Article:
Have the data crunchers over at Moody’s been reading Profit Watch?
Here’s the story. We stuck our stake in the ground back in September and advised caution on buying into the Indian ‘growth’ story.
And shiver me timbers! Moody’s rating agency has come out and cut the country’s growth outlook to ‘negative’.
They cited the ‘deepening’ slowdown and insufficient government action.
Here’s the key part from the latest Financial Times report1:
‘Growth has been curtailed by a severe liquidity squeeze, prompted by an intensifying crisis in India’s enormous shadow-banking system and bad loans at its public and private banks.’
That’s perfectly in accord with why I said to steer clear. The only place where the thesis isn’t holding up is where it counts: the stock market!
Indian stocks haven’t sold off heavily yet…
Nothing is going to make me turn bullish until I see these credit and real estate issues resolved.
It’s a reasonable theme to follow for the next 12 months.
Contrast the shaky financial system of India with what is transpiring in China…
Alibaba’s infamous Singles’ Day promotion is off and racing for 24 hours.
It began with a scorching start too — US$16 billion in sales in the first 90 minutes! Surely it can’t all be bad over there in China?
But let us return to these shores. We spent most of last week picking over the issues around the banks.
But there’s more to Aussie stocks than the financial sector. We also have to keep an eye on natural resource stocks on the board as well.
BHP makes the news today…
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Miner trials and tribulations
The company’s president of operations is due to reveal how the big Australian miner can turn around the decline in its oil production.
It’s 50% down on what it was in 2013.
Oil and gas accounts for around 14% of BHP’s gross earnings, according to the Australian Financial Review, and comes with better margins than coal or copper.
The only way BHP can produce more oil is to invest capital in developing new projects.
The bigger question is whether the financial resources of the firm should go in that direction?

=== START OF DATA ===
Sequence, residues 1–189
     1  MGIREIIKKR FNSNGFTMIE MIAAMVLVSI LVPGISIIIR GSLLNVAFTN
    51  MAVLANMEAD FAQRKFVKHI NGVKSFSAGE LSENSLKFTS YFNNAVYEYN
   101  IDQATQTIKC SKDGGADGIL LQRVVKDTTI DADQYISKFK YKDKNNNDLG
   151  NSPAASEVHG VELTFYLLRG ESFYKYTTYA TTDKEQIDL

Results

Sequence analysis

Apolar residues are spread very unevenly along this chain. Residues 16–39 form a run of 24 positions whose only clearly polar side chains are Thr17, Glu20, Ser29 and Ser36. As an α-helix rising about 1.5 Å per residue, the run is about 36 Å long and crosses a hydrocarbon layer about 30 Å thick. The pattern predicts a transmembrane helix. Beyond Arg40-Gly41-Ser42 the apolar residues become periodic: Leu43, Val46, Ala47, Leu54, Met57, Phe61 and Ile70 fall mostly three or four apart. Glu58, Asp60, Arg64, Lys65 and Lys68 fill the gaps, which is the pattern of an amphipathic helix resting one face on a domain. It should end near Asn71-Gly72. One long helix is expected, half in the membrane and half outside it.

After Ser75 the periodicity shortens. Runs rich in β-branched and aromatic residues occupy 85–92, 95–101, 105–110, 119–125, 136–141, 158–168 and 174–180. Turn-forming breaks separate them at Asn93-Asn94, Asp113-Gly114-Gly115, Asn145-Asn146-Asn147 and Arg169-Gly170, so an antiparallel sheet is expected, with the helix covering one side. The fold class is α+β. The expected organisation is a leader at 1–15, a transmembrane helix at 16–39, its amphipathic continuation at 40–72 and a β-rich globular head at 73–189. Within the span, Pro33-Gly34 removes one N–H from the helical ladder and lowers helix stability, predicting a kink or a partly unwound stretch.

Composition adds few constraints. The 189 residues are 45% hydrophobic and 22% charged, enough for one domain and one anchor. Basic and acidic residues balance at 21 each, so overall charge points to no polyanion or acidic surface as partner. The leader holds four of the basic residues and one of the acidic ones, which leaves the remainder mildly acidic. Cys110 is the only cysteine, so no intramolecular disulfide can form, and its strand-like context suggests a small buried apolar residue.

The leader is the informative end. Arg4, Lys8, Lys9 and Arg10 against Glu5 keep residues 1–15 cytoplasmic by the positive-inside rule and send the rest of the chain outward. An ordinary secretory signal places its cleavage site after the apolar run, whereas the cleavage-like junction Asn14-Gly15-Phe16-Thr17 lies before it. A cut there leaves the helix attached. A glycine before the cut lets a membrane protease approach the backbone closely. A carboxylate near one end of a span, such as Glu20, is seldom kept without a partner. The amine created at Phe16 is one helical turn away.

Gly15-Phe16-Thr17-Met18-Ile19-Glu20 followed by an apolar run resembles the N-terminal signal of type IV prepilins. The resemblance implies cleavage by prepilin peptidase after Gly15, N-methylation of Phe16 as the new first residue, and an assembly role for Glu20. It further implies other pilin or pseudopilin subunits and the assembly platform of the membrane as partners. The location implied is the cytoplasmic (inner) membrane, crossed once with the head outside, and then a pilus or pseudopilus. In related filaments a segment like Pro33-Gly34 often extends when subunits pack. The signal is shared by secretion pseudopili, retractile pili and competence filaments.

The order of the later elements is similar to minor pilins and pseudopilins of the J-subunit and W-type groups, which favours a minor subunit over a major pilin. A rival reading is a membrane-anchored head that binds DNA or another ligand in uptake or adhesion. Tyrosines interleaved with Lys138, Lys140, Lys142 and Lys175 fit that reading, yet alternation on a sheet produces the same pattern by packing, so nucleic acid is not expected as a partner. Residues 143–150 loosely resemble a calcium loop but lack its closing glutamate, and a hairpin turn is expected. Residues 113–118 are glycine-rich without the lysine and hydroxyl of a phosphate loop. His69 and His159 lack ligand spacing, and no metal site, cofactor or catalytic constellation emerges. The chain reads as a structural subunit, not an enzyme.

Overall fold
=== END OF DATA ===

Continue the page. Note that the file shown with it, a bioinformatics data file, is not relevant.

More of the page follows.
A dollar spent on producing oil assets is a dollar that is not flowing elsewhere, either to the other three big divisions of the firm (copper, iron ore and coal) or back to shareholders via capital management.
Should BHP keep its unusual straddle across both mining plus oil and gas?
One would think these days there’s some sort of case to be made to selling off the energy divisions completely to divert the inevitable activism, and possible higher taxes, a big firm like BHP could attract because of its fossil fuel earnings.
Mining as a sector may indeed come under increasing pressure from environmental issues in general.
Water shortage to hit miners
The Australian reports that the drought in New South Wales is threatening the operational viability of mines in the affected area.
Government restrictions on water use is causing them to try and source alternative supplies. Some of them could shut down completely.
Here’s one thing we can infer. It’s hard not to think, looking five years out that the Australian index is going to look very different in 2025 than it does now.
Right now banks and miners dominate a good chunk of it.
Both of these industries are under pressure for different reasons, none of which are unlikely to resolve themselves soon. I don’t think the next titans of the index will come from here.
The Aussie sectors to invest in on the ASX…
That’s not to say you can’t make a buck from them now, or in the future. But the heady, free-wheeling days of growth have plenty of roadblocks stopping them from forming again.
Technology will remain the sector to focus on over the long term. The market always hunt new growth by nature.
But new industries and sectors won’t bring the same legacy issues as these. For my money, the next great fortunes on the ASX will be minted in new industries like genetic editing, and space travel and exploration.